Airport Firefighters Oppose Rochester Fire Department Station Closures

Fifty-six years ago today, Mohawk Airlines Flight 121 crashed upon takeoff at the Rochester Airport, killing 7 people and injuring 36 others. Airport firefighters responded immediately and were able to rescue a number of people from the aircraft with help from other airport workers and outside fire companies. To this day, it remains the worst aviation accident in local history. While many things have changed in both the firefighting and aviation industries, one thing that has not is our members’ reliance on outside agencies in the event of a major disaster. In spite of our constant training to maximize our crews efficiency, with just five on-duty members there is only so much we will be able to do without help from other agencies.

Last night, the City of Rochester implemented the first fire station closure under its “dynamic staffing” plan, which chooses a company to close during the overnight hours, when residents are most at risk. These closures - also known as ‘brownouts’ or ‘firehouse roulette’ - arbitrarily choose a neighborhood to receive reduced protection for a specified period of time. It’s a tactic that hasn’t been used much locally, but has seen tragic results when implemented elsewhere. In Philadelphia, a 12-year-old boy died in 2010 while the closest engine company was ‘browned out’. In 2017, three people were killed in a Holyoke, MA fire in which the closest engine company was closed. In Wilmington, DE, 2016 saw two children and three firefighters killed in the course of eight months. At least two other firefighters were forced to retire due to injuries sustained at a fire. These are just a few of the many stories one can find by briefly searching the internet.

You may recall two major nighttime fires on Monroe Avenue in March of this year - one in which a mayday was declared and both resulting in injuries to several firefighters. Engine 1 on Monroe Avenue was the first company to respond to both of those fires. Engine 1 was also the first company to close under this plan. If either of those fires had occurred last night, the results could have been even more devastating. According to online reports, there were at least six calls that Engine 1 should have been dispatched to overnight that had to be answered by other, more distant companies.

While this may seem to only be an issue for Rochester residents, it is likely to create a ripple effect that also impacts surrounding towns and residents. Many fire departments utilize resource sharing (known as mutual aid or mutual assistance) during large-scale incidents, and high-risk locations - including the Greater Rochester International Airport - utilize automatic aid agreements to ensure adequate manpower and equipment responds to certain types of calls. These types of responses have seen Rochester Fire Department companies responding outside the city, and suburban companies responding within it. With firehouses closing for 14 hours, this could lead to an increase of suburban agencies filling in - potentially leaving their own districts with inadequate protection, and also to a delayed mutual aid response from city companies.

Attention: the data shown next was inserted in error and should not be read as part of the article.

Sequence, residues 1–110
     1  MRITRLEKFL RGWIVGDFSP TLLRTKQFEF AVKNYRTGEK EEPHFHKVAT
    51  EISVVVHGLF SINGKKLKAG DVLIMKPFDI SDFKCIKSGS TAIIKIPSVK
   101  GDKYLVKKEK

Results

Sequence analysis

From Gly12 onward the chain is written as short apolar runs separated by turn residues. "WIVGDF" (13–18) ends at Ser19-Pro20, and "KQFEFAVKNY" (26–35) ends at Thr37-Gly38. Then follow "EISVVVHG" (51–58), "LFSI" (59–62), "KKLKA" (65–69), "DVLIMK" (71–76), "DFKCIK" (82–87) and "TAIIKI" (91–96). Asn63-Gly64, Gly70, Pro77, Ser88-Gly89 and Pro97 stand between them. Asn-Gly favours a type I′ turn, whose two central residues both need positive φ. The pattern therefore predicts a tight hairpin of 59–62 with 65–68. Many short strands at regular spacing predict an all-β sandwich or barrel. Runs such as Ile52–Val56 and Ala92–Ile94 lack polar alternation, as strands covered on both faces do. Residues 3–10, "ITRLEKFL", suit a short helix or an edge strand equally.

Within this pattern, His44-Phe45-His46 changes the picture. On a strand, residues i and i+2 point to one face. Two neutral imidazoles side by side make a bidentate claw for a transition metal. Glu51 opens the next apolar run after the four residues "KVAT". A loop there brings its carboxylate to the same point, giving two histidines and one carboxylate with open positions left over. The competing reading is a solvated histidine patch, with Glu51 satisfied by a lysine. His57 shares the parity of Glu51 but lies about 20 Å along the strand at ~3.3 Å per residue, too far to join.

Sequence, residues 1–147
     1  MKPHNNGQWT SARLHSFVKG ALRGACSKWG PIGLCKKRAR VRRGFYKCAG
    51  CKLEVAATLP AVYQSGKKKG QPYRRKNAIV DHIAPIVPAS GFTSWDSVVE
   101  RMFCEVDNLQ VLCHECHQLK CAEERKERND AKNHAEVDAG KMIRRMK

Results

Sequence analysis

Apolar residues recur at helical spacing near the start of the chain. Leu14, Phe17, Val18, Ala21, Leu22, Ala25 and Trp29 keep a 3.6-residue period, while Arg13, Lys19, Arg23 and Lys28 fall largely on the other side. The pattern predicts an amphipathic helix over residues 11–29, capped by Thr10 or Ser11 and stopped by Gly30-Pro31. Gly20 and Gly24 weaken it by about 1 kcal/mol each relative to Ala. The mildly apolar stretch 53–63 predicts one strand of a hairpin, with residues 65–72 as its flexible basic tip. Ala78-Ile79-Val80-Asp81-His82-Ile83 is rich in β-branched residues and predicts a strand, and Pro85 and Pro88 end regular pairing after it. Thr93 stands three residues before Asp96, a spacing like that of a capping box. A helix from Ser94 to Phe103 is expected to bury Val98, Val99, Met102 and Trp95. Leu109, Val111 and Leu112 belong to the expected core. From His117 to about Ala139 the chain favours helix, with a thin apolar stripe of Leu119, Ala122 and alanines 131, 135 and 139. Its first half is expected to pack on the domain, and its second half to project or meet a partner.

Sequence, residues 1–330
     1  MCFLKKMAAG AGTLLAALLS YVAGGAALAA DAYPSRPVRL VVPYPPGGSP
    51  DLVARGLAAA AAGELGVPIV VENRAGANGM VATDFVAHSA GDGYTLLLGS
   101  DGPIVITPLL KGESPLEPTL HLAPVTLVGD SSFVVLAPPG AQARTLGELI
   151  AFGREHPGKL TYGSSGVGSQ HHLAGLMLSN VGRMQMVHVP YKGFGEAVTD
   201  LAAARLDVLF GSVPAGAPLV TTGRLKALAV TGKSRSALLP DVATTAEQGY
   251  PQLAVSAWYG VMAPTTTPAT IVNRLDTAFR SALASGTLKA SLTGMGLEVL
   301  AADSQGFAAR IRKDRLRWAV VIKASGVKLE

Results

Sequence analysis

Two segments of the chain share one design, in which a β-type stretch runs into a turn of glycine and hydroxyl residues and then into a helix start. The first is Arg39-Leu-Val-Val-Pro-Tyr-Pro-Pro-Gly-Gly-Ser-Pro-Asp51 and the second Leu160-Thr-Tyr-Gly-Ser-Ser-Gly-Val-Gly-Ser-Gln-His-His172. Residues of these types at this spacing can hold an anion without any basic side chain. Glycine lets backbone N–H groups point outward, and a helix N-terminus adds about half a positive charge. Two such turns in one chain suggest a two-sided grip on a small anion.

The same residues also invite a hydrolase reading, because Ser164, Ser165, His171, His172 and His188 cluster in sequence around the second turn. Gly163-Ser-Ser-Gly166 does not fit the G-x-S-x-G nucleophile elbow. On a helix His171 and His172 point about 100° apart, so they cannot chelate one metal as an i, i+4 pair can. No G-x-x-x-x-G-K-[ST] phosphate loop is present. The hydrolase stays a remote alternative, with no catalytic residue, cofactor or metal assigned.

If the closest Rochester Fire Department company had been closed in 1963, it would have resulted in a delayed response at a time when seconds truly mattered. Many of those injured on Mohawk Airlines Flight 121 survived because of the rapid treatment and transport they received, due in part to the outside companies that responded to the airport. With Rochester Fire Department staffing already reduced over the years by ~200 firefighters, and more than half a dozen companies permanently closed, it is imperative to the safety of residents and firefighters alike that all companies remain open and fully staffed.

The members of the Rochester Airport Fire Fighters Association, IAFF Local 1636, stand with our brothers and sisters of the Rochester Fire Fighters Association, IAFF Local 1071, in opposing these station closures. We strongly encourage Mayor Lovely Warren and the Rochester City Council to reassess their stance on this issue, and place the safety of its citizens and firefighters ahead of a line in the budget.

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